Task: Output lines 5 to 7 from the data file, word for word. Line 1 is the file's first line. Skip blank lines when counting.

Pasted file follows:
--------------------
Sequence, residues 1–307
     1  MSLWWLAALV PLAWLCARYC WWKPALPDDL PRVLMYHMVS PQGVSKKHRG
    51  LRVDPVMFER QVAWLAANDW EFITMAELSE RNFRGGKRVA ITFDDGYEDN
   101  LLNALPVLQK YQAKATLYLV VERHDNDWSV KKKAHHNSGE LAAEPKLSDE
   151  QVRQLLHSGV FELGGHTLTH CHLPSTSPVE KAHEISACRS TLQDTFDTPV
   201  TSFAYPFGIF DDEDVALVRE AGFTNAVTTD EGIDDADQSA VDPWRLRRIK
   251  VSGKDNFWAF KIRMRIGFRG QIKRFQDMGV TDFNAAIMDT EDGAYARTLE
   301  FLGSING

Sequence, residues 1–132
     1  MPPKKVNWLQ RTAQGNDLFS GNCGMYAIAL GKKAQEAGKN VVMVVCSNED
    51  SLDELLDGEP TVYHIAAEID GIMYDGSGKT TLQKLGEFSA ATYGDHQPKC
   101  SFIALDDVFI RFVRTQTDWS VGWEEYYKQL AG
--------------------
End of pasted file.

   151  QVRQLLHSGV FELGGHTLTH CHLPSTSPVE KAHEISACRS TLQDTFDTPV
   201  TSFAYPFGIF DDEDVALVRE AGFTNAVTTD EGIDDADQSA VDPWRLRRIK
   251  VSGKDNFWAF KIRMRIGFRG QIKRFQDMGV TDFNAAIMDT EDGAYARTLE